VW ousted CEO Matthias Mueller last night. Does a well earned retirement beckon or will he pop up somewhere else?

VW ousted CEO Matthias Mueller last night. Does a well earned retirement beckon or will he pop up somewhere else?

An extraordinary week that culminated last night with the expected news that Volkswagen was restructuring the group and tossing out the long-serving chairman and CEO Matthias Mueller, a company 'lifer' who was handed the task of steering the company through the diesel crisis and setting it on a new path.

This was telegraphed on Tuesday in an equally extraordinary press release from VW which said: "Volkswagen AG considers a further development of the management structure of the group, which would also be associated with personnel changes in the board of management and with changes in the specific responsibilities of the board of management members. This could also include a change in the position of the chairman of the board of management. On the basis of these considerations, the chairman of the supervisory board [of VAG] is currently in discussions with certain members of the supervisory board and of the board of management. Matthias Mueller showed his general willingness to contribute to the changes. It is currently open whether the considerations and discussions will lead to a further development of the management structure or to personnel changes in the board of management of [VAG]."

That led our Dave Leggett to pen an opinion piece: "Matthias Mueller clearly played an important part in steadying the ship - a 'safe pair of hands'. A caretaker manager, perhaps. The right man at the right time. He was/is a VW Group insider (a 'lifer'), but was highly regarded for his work at Porsche. An engineer and technocrat, he led a strategy to rebuild shattered confidence at VW and set the group on a strategic path to face the big challenges ahead. Is electrification 'greenwash'? It's an easy accusation to make, but Volkswagen Group is putting in place a new product development and manufacturing strategy to address e-mobility. It doesn't appear to be off the pace, far from it.

"Electrification, though, is an expensive business. It will put a higher stake on scarce investment resource and puts added focus on cost management elsewhere. There is a feeling among some analysts and investors that this is where Mueller increasingly looked less likely to be effective than another executive - the head of the VW brand, Herbert Diess. He is said to have a reputation for being very on top of cost control. He also came to Volkswagen from BMW in 2015, so is not subject to the 'insider' suspicions that sometimes get whispered concerning Mueller (who was a senior manager in product development at the time illegal software was being developed)."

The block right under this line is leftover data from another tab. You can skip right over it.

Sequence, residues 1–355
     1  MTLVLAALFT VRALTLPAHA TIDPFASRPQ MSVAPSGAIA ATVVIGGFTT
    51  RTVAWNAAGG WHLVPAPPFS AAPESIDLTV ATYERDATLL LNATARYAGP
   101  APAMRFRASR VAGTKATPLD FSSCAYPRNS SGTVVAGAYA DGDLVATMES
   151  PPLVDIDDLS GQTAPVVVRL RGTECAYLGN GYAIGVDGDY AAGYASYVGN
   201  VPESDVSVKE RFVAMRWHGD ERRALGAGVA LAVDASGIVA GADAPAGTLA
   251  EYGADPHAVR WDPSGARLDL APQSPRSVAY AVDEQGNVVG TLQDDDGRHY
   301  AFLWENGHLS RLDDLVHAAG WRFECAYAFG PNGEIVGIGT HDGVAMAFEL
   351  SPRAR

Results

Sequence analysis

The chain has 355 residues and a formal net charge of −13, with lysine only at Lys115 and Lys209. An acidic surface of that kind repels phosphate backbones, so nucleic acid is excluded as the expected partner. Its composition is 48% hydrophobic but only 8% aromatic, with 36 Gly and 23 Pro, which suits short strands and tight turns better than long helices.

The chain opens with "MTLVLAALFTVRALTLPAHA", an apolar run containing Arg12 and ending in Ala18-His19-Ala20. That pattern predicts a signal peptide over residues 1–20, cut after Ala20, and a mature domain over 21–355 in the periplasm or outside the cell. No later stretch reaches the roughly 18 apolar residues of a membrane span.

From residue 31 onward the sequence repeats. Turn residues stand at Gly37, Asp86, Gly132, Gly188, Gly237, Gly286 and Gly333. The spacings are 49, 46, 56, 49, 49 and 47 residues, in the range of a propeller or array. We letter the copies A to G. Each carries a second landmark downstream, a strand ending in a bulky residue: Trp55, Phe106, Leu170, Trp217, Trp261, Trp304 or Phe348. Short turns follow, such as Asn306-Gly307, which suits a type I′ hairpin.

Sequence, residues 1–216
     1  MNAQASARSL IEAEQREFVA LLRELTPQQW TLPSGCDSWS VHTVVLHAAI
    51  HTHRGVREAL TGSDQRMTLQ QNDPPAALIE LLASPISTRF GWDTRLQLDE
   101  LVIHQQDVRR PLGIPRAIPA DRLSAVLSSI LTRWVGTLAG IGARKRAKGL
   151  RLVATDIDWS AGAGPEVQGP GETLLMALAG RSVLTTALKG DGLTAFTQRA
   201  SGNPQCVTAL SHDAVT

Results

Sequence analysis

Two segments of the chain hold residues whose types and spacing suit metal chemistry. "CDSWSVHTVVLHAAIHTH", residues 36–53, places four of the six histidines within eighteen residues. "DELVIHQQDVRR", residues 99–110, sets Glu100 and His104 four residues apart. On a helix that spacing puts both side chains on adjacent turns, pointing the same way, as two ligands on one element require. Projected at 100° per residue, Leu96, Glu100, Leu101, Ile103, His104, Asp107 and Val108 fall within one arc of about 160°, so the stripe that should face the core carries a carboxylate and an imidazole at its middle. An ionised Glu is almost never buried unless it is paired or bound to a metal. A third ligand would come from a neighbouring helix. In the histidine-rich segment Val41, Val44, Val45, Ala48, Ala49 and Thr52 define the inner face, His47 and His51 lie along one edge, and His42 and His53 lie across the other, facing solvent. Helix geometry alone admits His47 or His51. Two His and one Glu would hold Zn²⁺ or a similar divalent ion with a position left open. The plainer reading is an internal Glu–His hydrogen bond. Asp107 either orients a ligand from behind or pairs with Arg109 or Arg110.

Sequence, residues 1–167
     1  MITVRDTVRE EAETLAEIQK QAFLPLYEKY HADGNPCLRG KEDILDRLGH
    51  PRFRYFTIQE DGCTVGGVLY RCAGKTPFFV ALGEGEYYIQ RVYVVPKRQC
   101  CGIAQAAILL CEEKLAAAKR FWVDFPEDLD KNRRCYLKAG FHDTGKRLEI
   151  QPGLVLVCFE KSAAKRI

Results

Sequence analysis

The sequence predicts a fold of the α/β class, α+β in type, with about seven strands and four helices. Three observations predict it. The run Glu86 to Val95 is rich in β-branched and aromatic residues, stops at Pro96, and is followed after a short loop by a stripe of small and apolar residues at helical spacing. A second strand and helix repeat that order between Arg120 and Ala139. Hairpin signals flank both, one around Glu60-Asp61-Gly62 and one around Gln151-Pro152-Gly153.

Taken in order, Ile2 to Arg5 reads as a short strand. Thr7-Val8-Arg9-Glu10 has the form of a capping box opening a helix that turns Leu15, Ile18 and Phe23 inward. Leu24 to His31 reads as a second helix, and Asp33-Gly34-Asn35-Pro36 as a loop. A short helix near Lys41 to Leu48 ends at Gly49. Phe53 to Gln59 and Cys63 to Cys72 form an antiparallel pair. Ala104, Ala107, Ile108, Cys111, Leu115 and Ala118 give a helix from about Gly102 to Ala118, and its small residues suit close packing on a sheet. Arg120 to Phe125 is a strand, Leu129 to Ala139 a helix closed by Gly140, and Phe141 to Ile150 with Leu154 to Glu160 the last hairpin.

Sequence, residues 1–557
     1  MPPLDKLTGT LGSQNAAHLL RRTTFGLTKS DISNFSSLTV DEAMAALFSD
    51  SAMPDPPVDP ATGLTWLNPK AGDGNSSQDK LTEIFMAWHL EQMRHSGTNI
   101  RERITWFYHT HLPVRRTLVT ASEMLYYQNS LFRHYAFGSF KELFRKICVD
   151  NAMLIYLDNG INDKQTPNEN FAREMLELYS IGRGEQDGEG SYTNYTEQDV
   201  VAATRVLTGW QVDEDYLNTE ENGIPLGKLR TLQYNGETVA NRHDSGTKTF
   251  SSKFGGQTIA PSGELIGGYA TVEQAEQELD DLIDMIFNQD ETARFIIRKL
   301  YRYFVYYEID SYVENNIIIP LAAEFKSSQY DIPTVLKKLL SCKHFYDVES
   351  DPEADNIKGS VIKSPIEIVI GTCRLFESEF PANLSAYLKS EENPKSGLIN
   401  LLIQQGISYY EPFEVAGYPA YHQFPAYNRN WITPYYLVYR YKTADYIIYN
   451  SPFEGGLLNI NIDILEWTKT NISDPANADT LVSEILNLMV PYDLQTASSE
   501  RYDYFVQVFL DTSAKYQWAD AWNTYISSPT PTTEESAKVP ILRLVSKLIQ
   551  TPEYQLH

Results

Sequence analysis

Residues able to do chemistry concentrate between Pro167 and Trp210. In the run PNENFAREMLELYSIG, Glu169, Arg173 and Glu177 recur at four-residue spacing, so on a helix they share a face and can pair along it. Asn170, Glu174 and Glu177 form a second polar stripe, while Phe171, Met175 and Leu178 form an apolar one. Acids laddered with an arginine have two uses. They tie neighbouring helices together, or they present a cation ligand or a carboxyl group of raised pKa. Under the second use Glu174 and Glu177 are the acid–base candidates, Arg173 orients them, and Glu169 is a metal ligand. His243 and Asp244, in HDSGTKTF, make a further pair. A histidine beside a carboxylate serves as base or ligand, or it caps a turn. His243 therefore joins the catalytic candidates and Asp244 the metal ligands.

That view was supported by one columnist I read regularly who said a tough cost controller was just what VW needs right now. I do wonder how the Germans toss top execs out. Was Mueller marched to the door in Wolfsburg carrying a plastic bag containing the contents of his desk? I think it might have been a bit more civilised than that [we have since learned his contract continues to agreed end date - he earned EUR10m last year - ed]. Certainly there were loads of effusive thanks in the press release announcing his termination and again in a televised presser from Germany this morning. He's 64 and had two years left on his contract. I'd like to think, at the time of writing, he's in his favourite lunchplace, a large stein at hand, a cheque with a considerable number of noughts on it in his pocket, and cruise brochures spread across the table. "Thank goodness that's over, time to enjoy my hard-earned retirement."

Away from Wolfsburg's Night of the Long Knives, I was surprised at the popularity of a couple of stories from my native Antipodes - news of Toyota New Zealand's restructuring of its dealer network to an agency basis and an interview, kindly supplied by TNZ, with the CEO. Closer to home, VW - them again - created a Holistic User Experience (HUX) division, Kyocera went to court over haptic technology and Ford announced its redesigned Focus, destined, pretty much, for global sale. This is the one that's going to be built in China for the US, Trump tariffs permitting, but no longer in Thailand for Asia Pacific which will now get theirs from Germany while the Thai plant focuses (sorry) on the Ranger light truck that tops many sales charts down there. Looks like a nice car though much of the vaunted tech on Fords usually ends up costing extra for the first year or two.

Another chapter in the long-running Takata airbag saga closed this week as we learned a consortium led by its parent Ningbo Joyson Electronic Corporation (Joyson Electronics) and PAG, an Asia based private equity firm and Future Industry Investment Fund (SDIC) provided the funding to Key Safety Systems (KSS) to successfully complete the acquisition of substantially all of the global assets of Japan-based Takata.

Takata's liabilities associated with the recall (there are still millions of cars to be sorted and governments in Australia and New Zealand have now intervened to force recalls of the most critical examples) of phase-stabilised ammonium nitrate (PSAN) airbag inflators and other liabilities were not acquired by KSS. I wonder why?

Have a nice weekend.

Graeme Roberts, Deputy Editor, just-auto.com